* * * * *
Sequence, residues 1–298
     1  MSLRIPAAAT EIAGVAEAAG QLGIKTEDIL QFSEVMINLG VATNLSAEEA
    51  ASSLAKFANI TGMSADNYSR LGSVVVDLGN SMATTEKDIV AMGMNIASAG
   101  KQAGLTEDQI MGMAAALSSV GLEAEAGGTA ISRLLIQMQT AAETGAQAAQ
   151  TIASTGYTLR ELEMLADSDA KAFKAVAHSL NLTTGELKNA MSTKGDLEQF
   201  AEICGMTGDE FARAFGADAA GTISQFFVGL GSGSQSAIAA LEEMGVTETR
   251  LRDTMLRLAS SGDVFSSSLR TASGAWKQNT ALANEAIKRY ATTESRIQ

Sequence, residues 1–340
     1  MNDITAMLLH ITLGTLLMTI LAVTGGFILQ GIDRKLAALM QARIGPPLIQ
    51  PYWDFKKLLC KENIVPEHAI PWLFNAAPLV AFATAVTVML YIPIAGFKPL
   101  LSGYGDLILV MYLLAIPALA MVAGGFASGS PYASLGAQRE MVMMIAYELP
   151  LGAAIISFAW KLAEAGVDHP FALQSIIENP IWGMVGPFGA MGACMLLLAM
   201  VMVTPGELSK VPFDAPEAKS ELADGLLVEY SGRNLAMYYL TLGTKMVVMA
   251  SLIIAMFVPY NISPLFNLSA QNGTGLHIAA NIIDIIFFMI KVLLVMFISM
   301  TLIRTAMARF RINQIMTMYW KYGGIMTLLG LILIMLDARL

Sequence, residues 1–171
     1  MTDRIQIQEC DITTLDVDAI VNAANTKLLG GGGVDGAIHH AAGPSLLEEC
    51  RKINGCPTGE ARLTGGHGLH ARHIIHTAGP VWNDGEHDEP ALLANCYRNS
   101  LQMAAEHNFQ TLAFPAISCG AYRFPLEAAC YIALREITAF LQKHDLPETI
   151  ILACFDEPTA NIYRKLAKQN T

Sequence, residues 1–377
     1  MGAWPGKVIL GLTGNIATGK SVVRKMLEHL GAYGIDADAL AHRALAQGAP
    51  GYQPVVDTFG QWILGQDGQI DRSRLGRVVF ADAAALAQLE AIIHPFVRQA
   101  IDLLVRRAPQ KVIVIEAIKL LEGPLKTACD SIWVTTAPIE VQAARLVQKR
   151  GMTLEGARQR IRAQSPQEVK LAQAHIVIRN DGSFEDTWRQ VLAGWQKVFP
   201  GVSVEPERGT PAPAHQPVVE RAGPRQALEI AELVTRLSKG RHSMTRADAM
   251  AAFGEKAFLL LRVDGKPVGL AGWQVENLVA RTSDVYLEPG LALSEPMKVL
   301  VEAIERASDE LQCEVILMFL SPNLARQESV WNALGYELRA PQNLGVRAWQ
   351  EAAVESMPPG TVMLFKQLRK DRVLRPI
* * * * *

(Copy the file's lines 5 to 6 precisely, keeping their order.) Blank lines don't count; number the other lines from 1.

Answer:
   151  TIASTGYTLR ELEMLADSDA KAFKAVAHSL NLTTGELKNA MSTKGDLEQF
   201  AEICGMTGDE FARAFGADAA GTISQFFVGL GSGSQSAIAA LEEMGVTETR